“I wish [I could have fought Emelianenko] when we were both kind of at our peak; if it would have happened it would have been something special,” Couture told The Score. “The cards didn’t just come out that way.”

4. Fedor Emelianenko vs. Josh Barnett


In its brief existence, the Affliction promotion acquired a boatload of big-name heavyweight talent, enough to rival any mixed martial arts organization at that time. The crown jewel of the roster, of course, was Emelianenko, who earned victories over Tim Sylvia and Andrei Arlovski as headliner of the promotion’s first two events.

While those two matchups generated their fair share of interest, neither was as highly anticipated as the proposed meeting between Emelianenko and Barnett at Affliction “Trilogy” on Aug. 1 2009. At the time, Emelianenko and Barnett were arguably the top two heavyweights in the world. Unfortunately, Barnett failed a pre-fight drug test, and the California State Athletic Commission denied “The Warmaster” a license, resulting in the cancellation of the bout. As a result, the entire card was scrapped, and Affliction went under shortly thereafter. In typical fashion, Emelianenko took the news of the lost fight in stride.

“Josh is a great, strong fighter. I’ve always followed his fights and liked him as a competitor and as a person. I was very prepared, totally ready for a good, hard fight,” he told Sherdog.com. “But what can you do? I am disappointed, though I’m glad that after all I don’t have to fight a friend.”

There were other opportunities for the fight to occur. In 2010, rumors of a Barnett-Emelianenko matchup in Dream -- where Barnett could still compete as he fought his positive drug test -- tantalized, but never came to fruition. In 2011, Strikeforce’s heavyweight grand prix offered the potential of a final featuring the two former Pride standouts, but Emelianenko was upset by Antonio Silva in the tournament’s first round.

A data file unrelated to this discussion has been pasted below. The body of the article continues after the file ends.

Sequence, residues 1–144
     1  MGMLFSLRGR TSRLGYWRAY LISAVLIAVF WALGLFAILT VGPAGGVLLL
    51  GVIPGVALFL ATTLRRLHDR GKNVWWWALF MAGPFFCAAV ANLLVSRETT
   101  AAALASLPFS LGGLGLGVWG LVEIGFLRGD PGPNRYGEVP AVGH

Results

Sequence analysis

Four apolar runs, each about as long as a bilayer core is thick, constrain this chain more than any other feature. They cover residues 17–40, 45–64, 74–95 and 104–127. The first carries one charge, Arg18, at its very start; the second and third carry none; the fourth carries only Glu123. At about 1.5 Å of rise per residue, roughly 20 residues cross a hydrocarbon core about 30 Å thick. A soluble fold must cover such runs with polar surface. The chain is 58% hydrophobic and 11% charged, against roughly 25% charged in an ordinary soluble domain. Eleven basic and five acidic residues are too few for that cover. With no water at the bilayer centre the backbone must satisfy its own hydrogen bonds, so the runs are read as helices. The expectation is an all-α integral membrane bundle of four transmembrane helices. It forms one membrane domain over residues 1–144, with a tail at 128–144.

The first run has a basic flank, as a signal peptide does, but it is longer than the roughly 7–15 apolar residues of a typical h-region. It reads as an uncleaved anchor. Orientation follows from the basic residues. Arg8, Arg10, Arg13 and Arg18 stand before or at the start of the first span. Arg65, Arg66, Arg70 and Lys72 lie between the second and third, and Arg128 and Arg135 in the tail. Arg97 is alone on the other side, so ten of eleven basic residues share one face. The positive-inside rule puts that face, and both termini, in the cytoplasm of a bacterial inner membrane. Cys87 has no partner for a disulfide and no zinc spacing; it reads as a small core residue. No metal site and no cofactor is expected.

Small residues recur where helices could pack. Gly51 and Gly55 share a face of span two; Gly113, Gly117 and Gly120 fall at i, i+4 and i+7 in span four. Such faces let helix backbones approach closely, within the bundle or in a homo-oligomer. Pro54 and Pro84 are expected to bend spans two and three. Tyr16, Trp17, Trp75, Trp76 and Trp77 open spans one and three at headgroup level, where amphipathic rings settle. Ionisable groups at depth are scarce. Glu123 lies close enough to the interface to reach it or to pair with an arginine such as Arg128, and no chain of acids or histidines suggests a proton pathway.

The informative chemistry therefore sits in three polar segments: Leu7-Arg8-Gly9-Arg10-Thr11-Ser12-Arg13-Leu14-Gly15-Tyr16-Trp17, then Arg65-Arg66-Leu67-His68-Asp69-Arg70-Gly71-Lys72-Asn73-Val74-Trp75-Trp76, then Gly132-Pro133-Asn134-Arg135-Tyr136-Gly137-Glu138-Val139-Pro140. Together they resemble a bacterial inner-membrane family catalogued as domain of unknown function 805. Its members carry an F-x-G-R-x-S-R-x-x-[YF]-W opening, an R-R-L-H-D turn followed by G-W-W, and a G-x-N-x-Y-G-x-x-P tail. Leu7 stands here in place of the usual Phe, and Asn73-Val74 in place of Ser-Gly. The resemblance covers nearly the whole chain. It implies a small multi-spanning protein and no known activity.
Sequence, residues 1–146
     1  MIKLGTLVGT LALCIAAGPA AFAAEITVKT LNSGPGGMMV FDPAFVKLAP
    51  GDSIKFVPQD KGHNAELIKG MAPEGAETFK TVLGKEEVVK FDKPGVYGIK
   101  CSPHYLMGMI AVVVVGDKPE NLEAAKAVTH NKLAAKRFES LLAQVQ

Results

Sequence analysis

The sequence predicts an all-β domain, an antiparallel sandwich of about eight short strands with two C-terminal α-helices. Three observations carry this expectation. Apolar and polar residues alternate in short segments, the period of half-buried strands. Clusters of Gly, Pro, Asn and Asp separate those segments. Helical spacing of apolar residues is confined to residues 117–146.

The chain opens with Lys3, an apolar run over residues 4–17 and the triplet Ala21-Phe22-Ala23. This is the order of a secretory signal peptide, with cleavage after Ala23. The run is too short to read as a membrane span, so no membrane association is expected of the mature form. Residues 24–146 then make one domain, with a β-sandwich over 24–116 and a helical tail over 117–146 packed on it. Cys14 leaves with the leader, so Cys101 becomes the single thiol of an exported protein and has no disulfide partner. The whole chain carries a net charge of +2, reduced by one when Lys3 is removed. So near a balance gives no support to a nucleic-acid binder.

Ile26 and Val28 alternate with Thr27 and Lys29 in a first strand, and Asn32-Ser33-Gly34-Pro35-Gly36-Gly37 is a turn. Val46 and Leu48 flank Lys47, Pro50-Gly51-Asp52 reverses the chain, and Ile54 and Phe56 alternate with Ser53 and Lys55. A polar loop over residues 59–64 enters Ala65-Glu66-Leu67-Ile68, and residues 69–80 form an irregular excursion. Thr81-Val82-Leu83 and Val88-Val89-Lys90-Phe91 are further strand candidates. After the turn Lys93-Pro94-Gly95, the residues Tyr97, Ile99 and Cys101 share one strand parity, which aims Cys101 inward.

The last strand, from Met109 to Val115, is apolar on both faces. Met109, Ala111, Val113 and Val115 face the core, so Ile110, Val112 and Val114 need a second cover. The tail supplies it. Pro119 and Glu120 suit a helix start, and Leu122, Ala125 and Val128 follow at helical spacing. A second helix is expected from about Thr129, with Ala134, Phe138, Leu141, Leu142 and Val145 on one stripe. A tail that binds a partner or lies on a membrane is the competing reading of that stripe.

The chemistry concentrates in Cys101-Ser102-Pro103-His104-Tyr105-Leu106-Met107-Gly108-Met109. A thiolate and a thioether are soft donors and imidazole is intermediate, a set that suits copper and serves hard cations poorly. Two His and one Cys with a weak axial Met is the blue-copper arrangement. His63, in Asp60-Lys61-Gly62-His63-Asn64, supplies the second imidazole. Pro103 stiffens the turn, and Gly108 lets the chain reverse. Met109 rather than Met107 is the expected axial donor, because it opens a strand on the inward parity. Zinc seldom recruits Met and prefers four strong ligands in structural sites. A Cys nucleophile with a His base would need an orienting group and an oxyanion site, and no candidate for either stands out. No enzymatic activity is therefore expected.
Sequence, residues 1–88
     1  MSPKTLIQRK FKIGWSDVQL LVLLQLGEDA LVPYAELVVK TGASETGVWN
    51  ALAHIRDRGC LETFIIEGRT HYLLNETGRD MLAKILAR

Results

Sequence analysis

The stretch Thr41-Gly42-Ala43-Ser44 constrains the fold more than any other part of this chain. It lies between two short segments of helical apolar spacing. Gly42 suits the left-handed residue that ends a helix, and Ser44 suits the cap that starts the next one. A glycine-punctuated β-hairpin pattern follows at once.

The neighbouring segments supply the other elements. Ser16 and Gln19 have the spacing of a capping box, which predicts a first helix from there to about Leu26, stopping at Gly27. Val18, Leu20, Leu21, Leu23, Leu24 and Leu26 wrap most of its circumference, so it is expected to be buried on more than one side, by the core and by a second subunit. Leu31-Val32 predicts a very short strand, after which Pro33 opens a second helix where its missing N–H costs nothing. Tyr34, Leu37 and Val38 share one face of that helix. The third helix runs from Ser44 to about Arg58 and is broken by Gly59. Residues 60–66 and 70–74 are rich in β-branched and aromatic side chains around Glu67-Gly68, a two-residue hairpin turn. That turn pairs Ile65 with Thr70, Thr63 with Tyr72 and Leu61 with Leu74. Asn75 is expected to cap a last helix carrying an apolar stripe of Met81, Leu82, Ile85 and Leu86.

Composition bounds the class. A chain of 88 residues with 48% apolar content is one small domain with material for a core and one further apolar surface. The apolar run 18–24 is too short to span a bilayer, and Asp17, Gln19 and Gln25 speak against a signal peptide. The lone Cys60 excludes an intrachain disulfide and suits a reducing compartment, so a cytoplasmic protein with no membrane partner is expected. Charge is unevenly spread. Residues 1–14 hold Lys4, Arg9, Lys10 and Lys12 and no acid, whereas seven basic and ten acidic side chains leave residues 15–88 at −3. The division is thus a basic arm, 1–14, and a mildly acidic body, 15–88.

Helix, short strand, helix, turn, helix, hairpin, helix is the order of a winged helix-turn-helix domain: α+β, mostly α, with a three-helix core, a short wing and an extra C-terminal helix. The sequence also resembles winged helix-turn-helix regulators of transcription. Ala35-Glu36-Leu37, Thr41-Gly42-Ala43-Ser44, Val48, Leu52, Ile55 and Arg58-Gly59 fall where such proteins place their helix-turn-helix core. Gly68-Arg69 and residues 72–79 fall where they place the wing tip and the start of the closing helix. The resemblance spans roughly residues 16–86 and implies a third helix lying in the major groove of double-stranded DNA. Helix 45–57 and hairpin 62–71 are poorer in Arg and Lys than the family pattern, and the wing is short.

While the fight could certainly generate its fair share of interest even today, the Russian closed the curtain on his career in June. Some things just are not meant to be.

7. Fedor Emelianenko vs. Brock Lesnar


After Lesnar stopped Randy Couture with a series of hammerfists at UFC 91, a bout between the former World Wrestling Entertainment superstar and Emelianenko instantly became the next big thing on the MMA horizon. By the time Lesnar decimated Frank Mir at UFC 100 to establish his place as a bona fide pay-per-view giant, Emelianenko-Lesnar had the potential to be the biggest fight in the history of the sport, at least in terms of gate and buy-rate figures.

While Lesnar was coming off impressive wins against Mir and Couture, Emelianenko had further added to his mystique with triumphs over former UFC rulers Tim Sylvia and Andrei Arlovski under the Affliction banner. The two heavyweights could not have appeared more different to the outside observer. Lesnar was the brash professional wrestler who received a title shot after just two Octagon appearances, while Emelianenko was the all-time great looking to further cement his legacy on MMA’s biggest stage.

Before Lesnar was weakened by battles with diverticulitis and Emelianenko lost some of his luster in the Strikeforce cage, this was going to be the UFC’s next blockbuster hit. Who would have been the favorite in such a titanic clash? Prominent oddsmaker Joey Odessa opened the betting lines for the proposed bout in 2009 with “The Last Emperor” as a -240 favorite.

“Whether I get a chance to fight Lesnar in the future or not, that fight will be about me taking advantage of those weaknesses,” Emelianenko said. “Any opponent that he has in the future, for them to prevail would be for them to take advantage and capitalize on mistakes that he makes. Like every fighter, he’s certainly prone to them and I see that.”

The speculation turned out to be all for naught, however, when the UFC failed in multiple attempts to lure Emelianenko to the promotion. To make the match happen today, Lesnar would have to leave the WWE and Emelianenko would have to be coaxed out of retirement. You can bet that if their names showed up on a fight poster tomorrow, more than a few people would still be interested.

 

Source: Sherdog